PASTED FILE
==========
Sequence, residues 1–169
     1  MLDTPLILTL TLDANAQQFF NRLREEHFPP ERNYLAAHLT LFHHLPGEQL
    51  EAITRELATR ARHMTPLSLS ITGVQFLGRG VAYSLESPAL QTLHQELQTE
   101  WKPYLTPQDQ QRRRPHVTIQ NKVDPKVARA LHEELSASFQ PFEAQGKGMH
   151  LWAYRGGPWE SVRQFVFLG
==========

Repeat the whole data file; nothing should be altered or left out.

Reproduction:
Sequence, residues 1–169
     1  MLDTPLILTL TLDANAQQFF NRLREEHFPP ERNYLAAHLT LFHHLPGEQL
    51  EAITRELATR ARHMTPLSLS ITGVQFLGRG VAYSLESPAL QTLHQELQTE
   101  WKPYLTPQDQ QRRRPHVTIQ NKVDPKVARA LHEELSASFQ PFEAQGKGMH
   151  LWAYRGGPWE SVRQFVFLG